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Pasture Recovery: Grazing management vital for plants

by Wyoming Livestock Roundup

Whether or not the drought is over, how ranchers manage their pastures this summer is critical to long-term sustainability of the range. University of Nebraska Range and Forage Specialist Jerry Volesky discussed pasture and grazing management during drought through a recent University webinar. 

“Carryover grass from 2011 supported fair stocking rates in 2012,” Volesky said, “but we will not have that much carryover grass from 2012 to 2013, because most grass was grazed heavily due to the drought.” 

Unseen impacts

Although forecasters are already predicting a drier than normal year for 2013, Volesky said time will tell how much precipitation actually comes. 

For warm-season grasses, precipitation in May, June and the first part of July has the most impact on grass production. In those pastures with predominantly cool-season grasses, precipitation in April and May is more important. 

“Rangelands can appear quite resilient after a drought,” he said, “but if you look more closely, there can be unseen impacts.” 

Grasses and weeds

“Most grasses are perennials, so they can recover and bounce back,” he added. 

Three to four inches of moisture in the form of slow rains can do a lot to replenish soil moisture in sandy soils. In heavier soils, it will take more moisture, he said. 

When plants go through a drought, the belowground growth is similar to the above ground growth. Volesky said if growth is stunned from the drought, at the beginning of the growing season, there may be fewer reproductive tillers or seed heads that form. This decrease may prevent the plants from reproducing to the extent they normally would. 

“There may be a reduced formation of new buds that will produce future year’s tillers,” he said. 

If the plants run out of water, they will mature earlier, causing a reduction in nutritional value. They may also go dormant sooner in an effort to survive the drought. 

Most ranchers will notice big increases in weedy species of vegetation in pastures following a drought. 

Volesky said most of these species are annual weeds that are opportunists. They show up during a drought and take away soil moisture. Typically, these species are not very palatable for grazing, he noted. 

Grazing stress

Volesky’s advice to ranchers is to remember that combining drought and grazing stress will reduce herbage production potential in the subsequent years. 

“It is important to alternate the time of grazing in pastures each year,” he said. “It is very stressful on plants if they are grazed during their rapid growth phase.” 

Within reason, Volesky said the grazing impact on dormant grasses is minimal because the above ground growth is dormant. However, those plants can also be injured if the pasture is too heavily over-grazed. 

Pastures that were grazed from late May to early-July in 2012 should receive deferment priority in 2013 to allow them some recovery time, Volesky said. 

“Try to balance the forage supply with the number of animals grazed,” he added. 

Producers should evaluate their 2012 grazing records and put emphasis on time of grazing, stocking rate and the amount of residual herbage available. He also recommended rotating pastures and grazing them only once between turnout and a killing frost.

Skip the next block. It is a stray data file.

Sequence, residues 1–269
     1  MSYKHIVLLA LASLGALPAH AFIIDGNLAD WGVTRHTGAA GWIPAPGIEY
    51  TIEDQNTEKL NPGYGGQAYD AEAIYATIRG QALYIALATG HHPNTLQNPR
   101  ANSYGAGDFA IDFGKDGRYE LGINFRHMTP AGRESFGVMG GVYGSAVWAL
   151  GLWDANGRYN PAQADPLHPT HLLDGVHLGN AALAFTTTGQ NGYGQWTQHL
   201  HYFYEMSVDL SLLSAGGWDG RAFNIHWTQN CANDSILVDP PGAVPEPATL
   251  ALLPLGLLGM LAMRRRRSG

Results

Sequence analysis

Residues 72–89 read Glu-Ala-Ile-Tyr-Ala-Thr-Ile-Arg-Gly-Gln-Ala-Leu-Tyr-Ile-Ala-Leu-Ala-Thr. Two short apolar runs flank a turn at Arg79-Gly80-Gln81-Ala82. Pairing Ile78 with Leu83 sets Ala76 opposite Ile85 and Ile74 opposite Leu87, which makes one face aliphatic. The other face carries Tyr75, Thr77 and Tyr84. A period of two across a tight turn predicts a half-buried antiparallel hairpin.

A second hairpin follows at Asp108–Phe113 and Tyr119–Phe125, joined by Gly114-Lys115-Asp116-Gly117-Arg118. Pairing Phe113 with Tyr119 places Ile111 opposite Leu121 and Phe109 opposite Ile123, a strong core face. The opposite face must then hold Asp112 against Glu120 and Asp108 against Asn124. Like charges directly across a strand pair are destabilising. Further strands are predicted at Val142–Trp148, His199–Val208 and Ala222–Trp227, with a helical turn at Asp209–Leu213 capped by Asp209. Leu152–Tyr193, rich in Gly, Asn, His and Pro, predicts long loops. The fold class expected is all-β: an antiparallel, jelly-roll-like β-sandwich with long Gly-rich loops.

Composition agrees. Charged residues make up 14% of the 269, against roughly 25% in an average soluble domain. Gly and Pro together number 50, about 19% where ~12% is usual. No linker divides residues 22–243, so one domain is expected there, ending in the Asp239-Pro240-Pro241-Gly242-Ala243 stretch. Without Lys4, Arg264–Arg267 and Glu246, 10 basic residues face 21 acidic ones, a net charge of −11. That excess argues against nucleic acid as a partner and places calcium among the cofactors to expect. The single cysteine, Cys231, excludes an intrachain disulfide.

“The greatest number of cow days per acre will be obtained when pastures are not grazed until plants have completed most of their growth for the year,” he continued. 

Producers should consider delaying turnout at least two to three weeks this year, which will allow plants to accumulate at least two to three more leaves and begin recovery, he said. 

Ranchers may also want to consider reducing stocking rates.

Written drought plans

If a producer hasn’t already done so, Volesky strongly encouraged them to make a written drought plan. 

“After talking to some producers last year that have one, the one thing they all said was that a written drought plan makes the decisions they have to make less stressful,” he said. 

Precipitation should be monitored, and critical dates established based on how much precipitation there actually is and what type of forage growth is expected. 

“If the precipitation isn’t there, then the deficit should trigger management actions,” he explained. “I would also encourage producers to sit down and make a list of management actions they could use in case there is a deficit.” 

Producers should also consider previous year conditions, soil moisture status, temperature, both warm and cold, carryover grass and longer term weather forecast models when establishing a drought plan. 

Once established, the drought plan will require ongoing reviews because every drought is different. 

“There can be subtle differences in droughts, and based on when rainfall is received, it can have different effects,” he explained. “The plan may need to be modified based on observations and learning.”

As a final thought, Volesky encouraged ranchers to use good grazing management. 

“Grazing management through consecutive drought years is critical for pasture health,” he noted. 

Gayle Smith is a correspondent for the Wyoming Livestock Roundup. Send comments on this article to

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